- What were the significant differences of the Reconstruction plans offered by President Johnson and the Congress? Why were they different?
Andrew Johnson was Lincoln’s vice president. He automatically took over the presidency after the assassination of Lincoln (Hearn). He was keen to continue Lincoln’s Reconstruction vision (Trefousse). However, it was not easy; he was to clash with the Congress which continued to come up with more radical legislation.
There is a significant difference between the Reconstruction plan President Johnson offered and the Congress included. The confiscation Act that Congress had passed between 1861 and 1862 which allowed confiscation of land that was owned by Confederates, and proposed that this land should be redistributed to freedmen (Connelly 45). On his side, Johnson was not keen to allow the Act, and he ordered that the land is given back to the pardoned owners instead.
The Civil Rights Act of 1866 was passed that sought to give freedmen full legal equality, however, were not granted right to vote. While this act was vetoed by Johnson, the Congress overrode.
Congress passed the Reconstruction Acts, though this act was initially vetoed by President Johnson, were overridden later by the Congress (Thompson). The first Reconstruction Act passed was keen to see Ten Confederate States fall under military control. It went further to grouping them into five military districts with the aim of enabling them to serve as the acting governor for these regions (Ayers 13). The primary aim of this act was to recognize African Americans and give them the right to vote.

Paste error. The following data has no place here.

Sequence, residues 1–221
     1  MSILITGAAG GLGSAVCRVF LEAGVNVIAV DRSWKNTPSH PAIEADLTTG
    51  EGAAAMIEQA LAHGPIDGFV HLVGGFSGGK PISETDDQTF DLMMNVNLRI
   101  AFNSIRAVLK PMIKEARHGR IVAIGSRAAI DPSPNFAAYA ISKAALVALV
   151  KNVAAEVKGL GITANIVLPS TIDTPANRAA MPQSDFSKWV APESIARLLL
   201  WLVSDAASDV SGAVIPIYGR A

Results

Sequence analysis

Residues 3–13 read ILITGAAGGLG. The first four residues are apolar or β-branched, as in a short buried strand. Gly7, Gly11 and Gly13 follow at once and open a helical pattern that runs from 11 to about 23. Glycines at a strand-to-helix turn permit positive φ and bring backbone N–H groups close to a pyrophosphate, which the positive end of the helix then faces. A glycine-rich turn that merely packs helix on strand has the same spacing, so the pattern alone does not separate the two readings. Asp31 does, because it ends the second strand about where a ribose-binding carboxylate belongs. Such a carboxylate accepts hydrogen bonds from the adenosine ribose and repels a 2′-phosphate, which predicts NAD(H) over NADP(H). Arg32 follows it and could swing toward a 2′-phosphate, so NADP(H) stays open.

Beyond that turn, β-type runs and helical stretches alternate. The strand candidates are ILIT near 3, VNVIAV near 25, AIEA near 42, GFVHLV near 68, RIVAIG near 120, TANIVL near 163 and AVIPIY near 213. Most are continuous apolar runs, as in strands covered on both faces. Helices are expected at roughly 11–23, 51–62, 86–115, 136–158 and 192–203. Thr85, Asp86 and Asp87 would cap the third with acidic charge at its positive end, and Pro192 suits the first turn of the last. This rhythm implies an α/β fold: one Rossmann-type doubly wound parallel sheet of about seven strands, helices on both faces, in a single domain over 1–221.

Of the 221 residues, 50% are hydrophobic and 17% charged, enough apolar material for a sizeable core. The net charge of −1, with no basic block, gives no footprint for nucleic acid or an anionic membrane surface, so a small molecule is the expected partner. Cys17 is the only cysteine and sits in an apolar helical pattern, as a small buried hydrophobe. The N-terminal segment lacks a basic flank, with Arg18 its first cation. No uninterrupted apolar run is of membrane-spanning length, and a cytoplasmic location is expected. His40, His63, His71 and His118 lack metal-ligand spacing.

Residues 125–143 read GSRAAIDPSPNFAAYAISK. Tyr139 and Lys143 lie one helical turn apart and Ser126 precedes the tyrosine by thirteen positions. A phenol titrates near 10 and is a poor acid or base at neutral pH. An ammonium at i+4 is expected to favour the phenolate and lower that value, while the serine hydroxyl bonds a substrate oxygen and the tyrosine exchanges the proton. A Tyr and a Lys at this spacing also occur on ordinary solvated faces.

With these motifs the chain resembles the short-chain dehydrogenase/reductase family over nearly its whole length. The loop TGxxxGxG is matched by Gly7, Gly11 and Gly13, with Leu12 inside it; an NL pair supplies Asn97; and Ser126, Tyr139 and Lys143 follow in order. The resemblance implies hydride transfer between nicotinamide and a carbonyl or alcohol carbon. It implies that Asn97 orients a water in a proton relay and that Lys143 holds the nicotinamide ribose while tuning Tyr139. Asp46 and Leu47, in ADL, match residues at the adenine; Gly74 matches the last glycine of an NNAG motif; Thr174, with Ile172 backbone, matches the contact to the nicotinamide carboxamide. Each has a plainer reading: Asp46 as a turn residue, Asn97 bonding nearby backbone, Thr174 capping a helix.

The significant difference between Congress and President Johnson were based on the fact that while South needed to be rebuilt after the civil.
President Andrew Johnson had very different ideas about it than doing Radical congressional Republicans (Boehm 23). The president was more lenient and took a conciliatory approach to the South, which was against the wishes of the Radical Republicans, who favored civil rights for African-Americans. This difference in ideas led to conflict between the two arms of the government leading Johnson’s impeachment and his near removal from office.
Ayers, Edward L. Holt American Anthem. Austin, Tex: Holt, Rinehart and Winston, 2007. Print.
Boehm, Richard G. Early United States. Orlando, Fla: Harcourt Brace, 2000. Print.
Connelly, Thomas L. American Military History. Columbia: University of South Carolina Press,
Trefousse, H. L. The radical Republicans: Lincoln’s Vanguard for racial justice. New
York: Knopf, 1969.
Thompson, Elizabeth L. The Reconstruction of Southern Debtors: Bankruptcy After the Civil
War. Athens: University of Georgia Press, 2004. Print.
Hearn, Chester G. The Impeachment of Andrew Johnson. , 2007. Internet resource.